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Friday, December 30, 2005

Web 2.0 : Time For A Reality Check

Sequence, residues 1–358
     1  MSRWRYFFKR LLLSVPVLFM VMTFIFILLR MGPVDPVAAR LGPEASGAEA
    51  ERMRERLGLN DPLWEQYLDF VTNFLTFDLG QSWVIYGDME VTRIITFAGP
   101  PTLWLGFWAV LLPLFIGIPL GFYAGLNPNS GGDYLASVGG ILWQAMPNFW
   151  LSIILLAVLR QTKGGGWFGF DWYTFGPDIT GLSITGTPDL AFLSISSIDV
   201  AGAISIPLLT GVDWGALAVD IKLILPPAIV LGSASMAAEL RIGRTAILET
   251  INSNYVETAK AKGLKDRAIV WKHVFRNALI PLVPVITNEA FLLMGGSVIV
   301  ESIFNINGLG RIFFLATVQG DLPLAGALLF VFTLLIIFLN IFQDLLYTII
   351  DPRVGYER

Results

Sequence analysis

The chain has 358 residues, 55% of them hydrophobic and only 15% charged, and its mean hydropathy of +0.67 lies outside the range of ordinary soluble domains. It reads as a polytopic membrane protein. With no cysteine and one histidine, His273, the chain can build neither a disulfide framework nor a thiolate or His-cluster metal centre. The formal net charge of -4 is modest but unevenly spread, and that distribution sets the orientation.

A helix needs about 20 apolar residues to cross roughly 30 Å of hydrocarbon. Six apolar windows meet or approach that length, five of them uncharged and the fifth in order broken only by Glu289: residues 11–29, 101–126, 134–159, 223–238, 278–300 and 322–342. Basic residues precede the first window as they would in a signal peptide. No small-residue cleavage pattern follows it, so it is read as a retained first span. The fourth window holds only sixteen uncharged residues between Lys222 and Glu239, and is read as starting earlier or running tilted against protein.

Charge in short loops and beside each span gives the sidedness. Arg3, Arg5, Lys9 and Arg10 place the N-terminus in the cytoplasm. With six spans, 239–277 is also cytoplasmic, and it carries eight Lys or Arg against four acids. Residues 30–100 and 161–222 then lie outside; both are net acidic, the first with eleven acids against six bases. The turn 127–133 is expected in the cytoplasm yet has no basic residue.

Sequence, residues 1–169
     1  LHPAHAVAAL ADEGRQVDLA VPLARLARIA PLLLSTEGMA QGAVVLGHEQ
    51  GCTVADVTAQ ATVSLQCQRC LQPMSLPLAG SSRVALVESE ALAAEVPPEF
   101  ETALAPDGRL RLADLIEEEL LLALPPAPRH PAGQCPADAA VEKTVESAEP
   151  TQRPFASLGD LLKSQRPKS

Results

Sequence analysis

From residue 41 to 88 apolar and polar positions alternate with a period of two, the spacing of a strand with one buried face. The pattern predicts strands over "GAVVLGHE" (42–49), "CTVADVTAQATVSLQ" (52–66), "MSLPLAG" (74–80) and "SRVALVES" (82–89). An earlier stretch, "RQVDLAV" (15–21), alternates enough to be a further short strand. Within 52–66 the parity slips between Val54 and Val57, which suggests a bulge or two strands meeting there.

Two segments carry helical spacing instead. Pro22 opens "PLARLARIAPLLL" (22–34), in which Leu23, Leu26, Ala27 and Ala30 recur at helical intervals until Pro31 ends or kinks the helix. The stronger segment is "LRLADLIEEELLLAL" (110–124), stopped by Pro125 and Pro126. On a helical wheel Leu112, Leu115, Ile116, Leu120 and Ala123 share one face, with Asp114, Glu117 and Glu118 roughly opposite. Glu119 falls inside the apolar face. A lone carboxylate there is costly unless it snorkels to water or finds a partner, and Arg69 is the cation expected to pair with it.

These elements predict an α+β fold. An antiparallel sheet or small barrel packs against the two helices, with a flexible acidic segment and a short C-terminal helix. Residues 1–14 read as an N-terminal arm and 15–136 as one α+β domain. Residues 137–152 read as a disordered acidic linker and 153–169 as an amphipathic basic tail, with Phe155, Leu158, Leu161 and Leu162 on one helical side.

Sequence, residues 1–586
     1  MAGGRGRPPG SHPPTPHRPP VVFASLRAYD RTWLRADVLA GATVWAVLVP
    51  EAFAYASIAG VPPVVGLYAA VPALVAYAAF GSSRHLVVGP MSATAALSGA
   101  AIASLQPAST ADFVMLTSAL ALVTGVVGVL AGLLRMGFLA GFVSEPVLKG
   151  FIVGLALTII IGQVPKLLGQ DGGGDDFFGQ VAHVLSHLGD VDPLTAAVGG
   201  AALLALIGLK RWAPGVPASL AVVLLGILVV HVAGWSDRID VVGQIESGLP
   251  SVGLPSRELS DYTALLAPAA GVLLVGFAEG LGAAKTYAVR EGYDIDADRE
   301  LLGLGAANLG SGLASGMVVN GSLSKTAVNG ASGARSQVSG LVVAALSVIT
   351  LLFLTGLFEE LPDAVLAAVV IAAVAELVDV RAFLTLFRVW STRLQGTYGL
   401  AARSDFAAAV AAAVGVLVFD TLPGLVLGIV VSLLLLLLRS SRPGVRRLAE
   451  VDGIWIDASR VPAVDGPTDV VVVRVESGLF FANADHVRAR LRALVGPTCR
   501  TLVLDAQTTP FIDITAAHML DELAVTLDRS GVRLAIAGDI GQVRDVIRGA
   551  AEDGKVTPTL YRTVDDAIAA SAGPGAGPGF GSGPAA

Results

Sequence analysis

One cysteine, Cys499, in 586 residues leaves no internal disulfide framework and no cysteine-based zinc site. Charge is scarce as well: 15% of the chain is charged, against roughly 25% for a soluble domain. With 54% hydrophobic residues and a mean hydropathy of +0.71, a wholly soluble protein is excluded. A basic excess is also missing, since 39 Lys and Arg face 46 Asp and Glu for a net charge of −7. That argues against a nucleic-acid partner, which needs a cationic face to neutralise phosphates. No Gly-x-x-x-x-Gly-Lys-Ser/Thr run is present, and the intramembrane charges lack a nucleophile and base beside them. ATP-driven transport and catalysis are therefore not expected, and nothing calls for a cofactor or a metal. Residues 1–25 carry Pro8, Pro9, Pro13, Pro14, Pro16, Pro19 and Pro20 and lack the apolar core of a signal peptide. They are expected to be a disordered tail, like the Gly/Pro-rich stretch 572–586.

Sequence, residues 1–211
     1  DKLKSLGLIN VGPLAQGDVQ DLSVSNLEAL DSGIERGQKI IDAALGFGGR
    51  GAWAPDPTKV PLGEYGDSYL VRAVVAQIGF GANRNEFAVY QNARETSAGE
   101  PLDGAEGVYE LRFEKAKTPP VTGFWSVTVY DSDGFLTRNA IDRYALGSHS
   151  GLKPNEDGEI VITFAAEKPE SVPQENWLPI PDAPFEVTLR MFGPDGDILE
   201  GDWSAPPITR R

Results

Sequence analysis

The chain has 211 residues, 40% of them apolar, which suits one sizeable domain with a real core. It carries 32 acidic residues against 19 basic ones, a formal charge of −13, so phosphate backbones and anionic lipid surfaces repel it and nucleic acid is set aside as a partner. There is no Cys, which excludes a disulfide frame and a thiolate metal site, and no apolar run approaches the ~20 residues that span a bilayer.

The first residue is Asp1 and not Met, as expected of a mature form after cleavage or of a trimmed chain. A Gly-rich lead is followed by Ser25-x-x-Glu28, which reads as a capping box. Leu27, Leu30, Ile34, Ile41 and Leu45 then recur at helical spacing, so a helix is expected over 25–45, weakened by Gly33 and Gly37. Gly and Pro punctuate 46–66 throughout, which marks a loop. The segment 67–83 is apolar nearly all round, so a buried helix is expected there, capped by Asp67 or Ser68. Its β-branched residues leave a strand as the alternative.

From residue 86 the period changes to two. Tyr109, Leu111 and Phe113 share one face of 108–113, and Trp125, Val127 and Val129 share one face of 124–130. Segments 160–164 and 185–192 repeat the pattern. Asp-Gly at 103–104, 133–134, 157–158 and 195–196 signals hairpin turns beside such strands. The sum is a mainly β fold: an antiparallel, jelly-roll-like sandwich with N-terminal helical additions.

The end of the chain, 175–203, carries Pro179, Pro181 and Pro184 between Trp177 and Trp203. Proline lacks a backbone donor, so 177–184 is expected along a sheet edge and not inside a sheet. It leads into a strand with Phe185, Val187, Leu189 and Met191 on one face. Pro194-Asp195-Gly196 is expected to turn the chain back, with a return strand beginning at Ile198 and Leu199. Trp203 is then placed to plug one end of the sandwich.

Web 2.0 is clearly getting disproportionate coverage in the blogosphere. Web2.0 share in the real world as delivering value to business and society is indeed limited - if we look at the enterprise software – they directly are responsible for making the business machines hum and improve- be it airline scheduling, dispatching crude oil or treasury management or powering the stock exchanges of the world. Mike Arrington lists out a set of Web 2.0 applications that he sees as quite essential – the list has within it - some well known names – Technorati,FeedBurner, Bloglines, Flickr, Memeorandum, del.icio.us, skype & WordPress etc. The enthusiasm and the excitement shown for Web 2.0 apps amazes me – as these defy long held priniciples of wisdom. Its high time that these so called Web 2.0 companies are examined from the first principles viz. Business models – merely becoming attractive to be bought over by Yahoo’s & Google’s of the world would not be sufficient. If you see closely even the valuations of bought out firms have been very moderate.No doubt advances in technology to develop and distributed services off the web is an important landmark – most of Web 2.0 apps germinate out of this. The reigning mantra seems to be - "build it first and figure out how to attract visitors – they will anyway come” business model – the underpinning hope is that once a critical mass of visitors are achieved, revenues can always be generated. AdSense funds the operational cost of several web 2.0 enterprises. Surely not the way to build a scalable & enduring business . I sort of agree with the view web 2.0 lacks meaning & magic. I am fine with already established players like Amazon & Google getting web2.0 tagged – am also fine with finding a productive niche to thrive in the information value chain. Moving forward like in the e-business space, we need to have the wisdom and mechanisms for cross-integrating/leveraging web 2.0 applications for larger benefits – this calls for standards in development , build & integration blocks – all this would come only out of a solid base of web 2.0 apps that get built beneath – truly a tall order given the fragile nature of several web2.0 entities. We can definitely see a petering out of the web 2.0 momentum as we see it now and several entities would disappear – but one hope is that out of this something robust and strong might emerge – but we have cut through the hype.

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